We need policies that help stabilize tenancy and facilitate renters saving for retirement. Repost from OC Housing News 2011-2016 The US government treats renters like second-class citizens. Our current policies make it very difficult for renters to stabilize their housing costs or save for a comfortable retirement. Perhaps in an era where homeownership was attainable for everyone, such policies were tenable, but now with coastal states restricting new construction, significant portions of the population simply can't afford a home. Current government policies irreparably harm these renters. Politicians believe that high rates of homeownership foster social stability because people won't loot and riot if they feel invested in the community. Social engineering aside, there is one particularly strong financial reason politicians favor…[READ MORE]

The homeownership rate is plunging because the housing bust tarnished the American Dream dream, and a new generation chooses to rent instead. Repost from OC Housing News 2011-2016 For nearly 100 years, US government housing policy maximized the homeownership rate and the rate of growth in house prices. Politicians characterized homeownership as the best investment a middle-class family could make, and home ownership equated with the American Dream. During the early 00s, on the surface conditions looked great. House prices appreciated rapidly, mortgage equity withdrawal fueled an economic boom, subprime lending provided home ownership opportunities to everyone, and a record number of Americans realized the American Dream. Government officials touted the success of their policies, and critics of these policies…[READ MORE]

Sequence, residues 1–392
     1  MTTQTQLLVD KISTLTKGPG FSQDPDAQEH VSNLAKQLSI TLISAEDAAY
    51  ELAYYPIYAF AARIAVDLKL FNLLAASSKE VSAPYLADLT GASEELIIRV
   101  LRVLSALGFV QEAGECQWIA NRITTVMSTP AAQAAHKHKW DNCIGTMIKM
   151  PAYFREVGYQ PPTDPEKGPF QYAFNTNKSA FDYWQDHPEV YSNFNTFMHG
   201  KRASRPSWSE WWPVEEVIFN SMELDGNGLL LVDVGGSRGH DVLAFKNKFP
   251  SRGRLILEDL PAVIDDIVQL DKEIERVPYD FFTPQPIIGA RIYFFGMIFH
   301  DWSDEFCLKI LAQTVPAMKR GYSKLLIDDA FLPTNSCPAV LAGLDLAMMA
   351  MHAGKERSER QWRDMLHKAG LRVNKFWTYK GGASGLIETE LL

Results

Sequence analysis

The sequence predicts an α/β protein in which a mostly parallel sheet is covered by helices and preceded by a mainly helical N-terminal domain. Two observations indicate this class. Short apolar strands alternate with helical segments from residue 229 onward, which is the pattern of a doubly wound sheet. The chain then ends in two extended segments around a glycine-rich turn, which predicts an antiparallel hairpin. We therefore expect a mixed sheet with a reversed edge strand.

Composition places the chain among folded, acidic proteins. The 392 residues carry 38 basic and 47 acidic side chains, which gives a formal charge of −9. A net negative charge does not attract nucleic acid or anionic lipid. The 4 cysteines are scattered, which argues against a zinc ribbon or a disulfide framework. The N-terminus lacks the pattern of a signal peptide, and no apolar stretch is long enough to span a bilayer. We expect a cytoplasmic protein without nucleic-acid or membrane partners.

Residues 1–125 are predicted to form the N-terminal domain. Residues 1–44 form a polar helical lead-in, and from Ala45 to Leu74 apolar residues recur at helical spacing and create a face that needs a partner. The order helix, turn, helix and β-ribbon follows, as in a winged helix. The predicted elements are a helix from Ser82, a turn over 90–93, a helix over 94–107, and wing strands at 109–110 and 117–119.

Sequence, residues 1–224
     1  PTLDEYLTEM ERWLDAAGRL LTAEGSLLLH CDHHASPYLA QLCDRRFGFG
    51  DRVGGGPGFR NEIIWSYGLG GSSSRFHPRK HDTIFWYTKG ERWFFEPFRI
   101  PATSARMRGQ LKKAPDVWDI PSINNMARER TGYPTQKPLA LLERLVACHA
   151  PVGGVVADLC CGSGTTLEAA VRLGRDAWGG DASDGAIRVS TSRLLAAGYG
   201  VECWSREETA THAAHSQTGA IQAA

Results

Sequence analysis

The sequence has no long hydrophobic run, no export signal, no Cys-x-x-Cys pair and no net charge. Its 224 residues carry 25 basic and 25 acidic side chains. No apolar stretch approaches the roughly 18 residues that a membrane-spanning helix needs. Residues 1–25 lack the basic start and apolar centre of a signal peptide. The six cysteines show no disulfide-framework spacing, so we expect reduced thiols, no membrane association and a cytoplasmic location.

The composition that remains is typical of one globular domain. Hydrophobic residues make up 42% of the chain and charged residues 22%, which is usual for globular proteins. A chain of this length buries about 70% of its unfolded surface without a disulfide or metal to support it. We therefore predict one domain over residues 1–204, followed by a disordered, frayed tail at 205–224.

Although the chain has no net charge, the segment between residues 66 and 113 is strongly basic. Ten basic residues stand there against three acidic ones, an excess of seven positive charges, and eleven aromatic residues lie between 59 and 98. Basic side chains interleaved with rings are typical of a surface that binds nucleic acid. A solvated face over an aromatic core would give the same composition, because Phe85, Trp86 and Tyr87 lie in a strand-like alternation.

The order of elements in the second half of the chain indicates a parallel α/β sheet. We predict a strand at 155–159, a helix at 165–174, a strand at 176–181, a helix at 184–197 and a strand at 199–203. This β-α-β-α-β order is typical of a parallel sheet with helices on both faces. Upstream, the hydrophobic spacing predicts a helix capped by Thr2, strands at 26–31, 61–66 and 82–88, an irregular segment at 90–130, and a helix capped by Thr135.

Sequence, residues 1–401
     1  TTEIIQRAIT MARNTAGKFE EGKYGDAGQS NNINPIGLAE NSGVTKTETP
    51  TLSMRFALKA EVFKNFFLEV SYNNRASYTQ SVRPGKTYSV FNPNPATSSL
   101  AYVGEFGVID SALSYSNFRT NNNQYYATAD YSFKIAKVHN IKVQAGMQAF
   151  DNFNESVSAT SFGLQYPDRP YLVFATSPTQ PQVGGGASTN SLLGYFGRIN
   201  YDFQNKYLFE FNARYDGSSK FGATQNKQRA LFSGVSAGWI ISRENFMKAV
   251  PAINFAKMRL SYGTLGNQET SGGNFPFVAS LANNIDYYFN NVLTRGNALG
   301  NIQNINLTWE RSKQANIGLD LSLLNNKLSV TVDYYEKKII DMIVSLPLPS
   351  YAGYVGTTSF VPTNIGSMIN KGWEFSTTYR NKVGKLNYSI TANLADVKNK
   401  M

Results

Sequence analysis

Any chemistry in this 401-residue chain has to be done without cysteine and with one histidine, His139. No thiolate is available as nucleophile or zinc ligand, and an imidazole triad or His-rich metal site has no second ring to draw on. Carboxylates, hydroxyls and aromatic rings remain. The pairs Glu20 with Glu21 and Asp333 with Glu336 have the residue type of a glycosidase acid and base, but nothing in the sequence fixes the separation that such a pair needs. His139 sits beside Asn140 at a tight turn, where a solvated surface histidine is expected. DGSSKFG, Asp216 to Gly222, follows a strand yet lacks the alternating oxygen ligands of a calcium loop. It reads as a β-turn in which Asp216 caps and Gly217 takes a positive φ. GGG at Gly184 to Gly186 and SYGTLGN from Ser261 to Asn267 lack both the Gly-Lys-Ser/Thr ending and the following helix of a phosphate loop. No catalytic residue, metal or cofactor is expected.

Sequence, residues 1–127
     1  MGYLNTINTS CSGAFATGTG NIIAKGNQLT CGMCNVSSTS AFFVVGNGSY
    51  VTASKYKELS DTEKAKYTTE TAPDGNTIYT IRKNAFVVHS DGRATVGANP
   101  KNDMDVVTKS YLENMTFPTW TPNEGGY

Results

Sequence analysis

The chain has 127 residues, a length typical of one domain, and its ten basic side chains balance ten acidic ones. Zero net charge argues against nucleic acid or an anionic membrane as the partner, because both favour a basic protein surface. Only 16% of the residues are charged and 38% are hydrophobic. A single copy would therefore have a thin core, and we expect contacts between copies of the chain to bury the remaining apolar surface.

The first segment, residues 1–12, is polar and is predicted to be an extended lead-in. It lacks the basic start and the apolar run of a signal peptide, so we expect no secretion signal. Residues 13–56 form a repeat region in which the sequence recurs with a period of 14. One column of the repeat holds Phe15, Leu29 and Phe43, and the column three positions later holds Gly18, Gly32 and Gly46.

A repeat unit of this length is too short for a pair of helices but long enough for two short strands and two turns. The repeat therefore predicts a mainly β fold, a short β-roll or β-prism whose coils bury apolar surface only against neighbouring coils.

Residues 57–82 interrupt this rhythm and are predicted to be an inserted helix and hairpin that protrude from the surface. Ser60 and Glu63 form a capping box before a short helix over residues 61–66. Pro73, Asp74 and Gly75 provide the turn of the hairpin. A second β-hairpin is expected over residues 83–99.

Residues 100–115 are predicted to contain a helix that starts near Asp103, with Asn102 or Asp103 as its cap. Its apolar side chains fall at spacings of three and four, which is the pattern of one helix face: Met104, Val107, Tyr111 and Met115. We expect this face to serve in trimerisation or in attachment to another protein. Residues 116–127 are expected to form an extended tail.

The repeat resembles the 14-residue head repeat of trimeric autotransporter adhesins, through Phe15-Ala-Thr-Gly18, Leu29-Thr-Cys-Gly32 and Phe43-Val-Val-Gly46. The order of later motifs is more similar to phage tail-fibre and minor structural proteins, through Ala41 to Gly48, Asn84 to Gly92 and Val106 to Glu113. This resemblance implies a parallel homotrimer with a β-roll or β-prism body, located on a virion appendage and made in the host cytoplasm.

Lower house prices due to higher mortgage rates still result in a higher cost of home ownership. Repost from OC Housing News 2011-2016 Everyone shopping for a home wants to see lower prices. For most products, paying less for it means the buyer keeps more money to purchase other goods and services, but with houses, this isn’t necessarily the case. Most people borrow a great deal of money to buy a house, often 80% to 96.5% of the purchase price. In fact, the cost of borrowing money is largely what determines how much someone can borrow and bid to buy a house. (See: Your neighbor’s debt creates your home equity) When mortgage rates go up, the cost of borrowing increases,…[READ MORE]

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